• decrease in hares – frequently killed on roads?
  • several badgers’ setts in the parish
  • roe deer continue to be found in the area and it is estimated that there are at least 20 on the Markle Mains farm area in 2000


  • disappearance of lapwing? – but 180 were counted at Markle on 25 September 2001
  • scarcity of skylarks within the past ten years
  • fall in number of song thrushes – wetter summers seem to help numbers
  • fewer migrating fieldfares, redwings
  • fewer house sparrows
  • tree sparrows seem to be sustaining themselves
  • substantial increase in collared doves through the 1980s followed by a slow decline; in 2001, there were about 20 in the garden area. They are prey for sparrow hawks
  • increase in sparrow hawks in the 1990s
  • reappearance of buzzards in the past three years
  • increase in blue tits, great tits and coal tits in the past ten years
  • great spotted woodpecker feeds regularly on the bird feeder and in the last two years has brought a young one
  • siskins are regular visitors and seem to have increased
  • goldfinches seem to have taken to eating peanuts about five years ago. They appear more common in winter
  • chaffinch, blackbird, robin, dunnock and wren appear stable in numbers
  • increase in wood pigeon in garden; these are less shy than previously
  • increase in crows and jackdaws especially in winter and breeding season
  • decrease in numbers of sedge warblers. Only one heard downstream from Preston Mill in 2000, compared with three to four singing in spring
  • no sightings of spotted flycatcher in the past three years
  • considerable decrease in numbers of swallows and house martins. No swallows now at Preston Mill as the top of the kiln has been blocked with chicken wire for health and safety reasons


  • increase in number of Orange Tip butterfly in spring from about 1990
  • decrease in butterfly numbers but increase of Peacock Blue in 2001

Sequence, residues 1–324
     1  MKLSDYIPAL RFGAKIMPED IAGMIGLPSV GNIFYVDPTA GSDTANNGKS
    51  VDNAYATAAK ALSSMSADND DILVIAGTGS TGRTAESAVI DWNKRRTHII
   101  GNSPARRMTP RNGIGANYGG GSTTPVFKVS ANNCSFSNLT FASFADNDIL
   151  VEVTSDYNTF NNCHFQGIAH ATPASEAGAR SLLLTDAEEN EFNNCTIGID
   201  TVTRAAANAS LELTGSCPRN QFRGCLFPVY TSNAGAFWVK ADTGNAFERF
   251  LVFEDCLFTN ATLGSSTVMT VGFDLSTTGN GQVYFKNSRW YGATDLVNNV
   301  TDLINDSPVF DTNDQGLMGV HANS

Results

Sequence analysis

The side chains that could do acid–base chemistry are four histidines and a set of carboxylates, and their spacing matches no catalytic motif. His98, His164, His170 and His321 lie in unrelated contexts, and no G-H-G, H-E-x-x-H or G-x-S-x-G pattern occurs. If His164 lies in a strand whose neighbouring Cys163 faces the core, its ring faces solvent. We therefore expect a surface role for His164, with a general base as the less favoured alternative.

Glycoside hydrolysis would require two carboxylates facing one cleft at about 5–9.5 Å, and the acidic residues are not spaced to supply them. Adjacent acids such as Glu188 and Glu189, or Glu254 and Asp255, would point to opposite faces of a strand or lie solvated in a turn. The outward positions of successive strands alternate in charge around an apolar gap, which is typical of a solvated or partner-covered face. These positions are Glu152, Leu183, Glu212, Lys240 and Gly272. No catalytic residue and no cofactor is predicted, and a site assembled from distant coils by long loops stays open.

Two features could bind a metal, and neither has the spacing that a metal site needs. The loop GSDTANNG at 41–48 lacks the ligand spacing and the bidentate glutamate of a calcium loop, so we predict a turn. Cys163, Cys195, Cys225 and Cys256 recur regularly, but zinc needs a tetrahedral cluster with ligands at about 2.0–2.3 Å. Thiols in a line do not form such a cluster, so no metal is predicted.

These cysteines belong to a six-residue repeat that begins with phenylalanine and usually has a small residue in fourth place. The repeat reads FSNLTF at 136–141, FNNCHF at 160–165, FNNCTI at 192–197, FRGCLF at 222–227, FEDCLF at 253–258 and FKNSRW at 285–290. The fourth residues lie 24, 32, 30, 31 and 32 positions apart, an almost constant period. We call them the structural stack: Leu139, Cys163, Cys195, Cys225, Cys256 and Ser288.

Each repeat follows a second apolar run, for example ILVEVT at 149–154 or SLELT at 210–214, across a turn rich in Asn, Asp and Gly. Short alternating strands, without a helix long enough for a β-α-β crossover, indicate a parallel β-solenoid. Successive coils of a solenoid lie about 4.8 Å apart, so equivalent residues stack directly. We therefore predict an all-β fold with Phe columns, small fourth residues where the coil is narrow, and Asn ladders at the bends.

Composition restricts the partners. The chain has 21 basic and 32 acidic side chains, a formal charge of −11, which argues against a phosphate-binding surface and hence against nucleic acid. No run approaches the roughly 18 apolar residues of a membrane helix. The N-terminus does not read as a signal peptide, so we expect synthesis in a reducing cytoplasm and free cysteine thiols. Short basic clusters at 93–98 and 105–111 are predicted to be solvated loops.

• Silver Y moths seem to have been very common in garden in recent years


  • appearance of Himalayan balsam along the banks of the Tyne in past ten years
  • disappearance of weeds such as field pansy
  • increase in coarse weeds such as cleavers, creeping thistle and decline in road verge flowers
  • disappearance of casual wildflowers around public areas. Herb Robin which used to grow around Preston Mill has been almost eradicated

No simple solution to explain these changes is possible. The use of herbicides is controversial and where ‘set-aside’ is sown in spring, there is evidence of a wide diversity of a weed seed bank, including rampant field pansy. Other factors are considered to be:

  • removal of hedges
  • damage to hedges with herbicide
  • removal of ridges and banks in field by bulldozing or ploughing
  • disappearance of headlands because of ploughing practice
  • damage to natural drainage system; eg at Overhailes, there is now a serious soil erosion problem. Some of the agricultural drains and cundies are well over 100 years old and have filled up and need replacing, which is now a costly exercise
  • pollution of the river Tyne with topsoil
  • engineering of the banks of the Tyne to stop flooding of fields is changing the appearance and ecology of the river
  • use of fertiliser close to the river
  • increased irrigation. Potatoes are regularly irrigated and more vegetables now being grown require more water.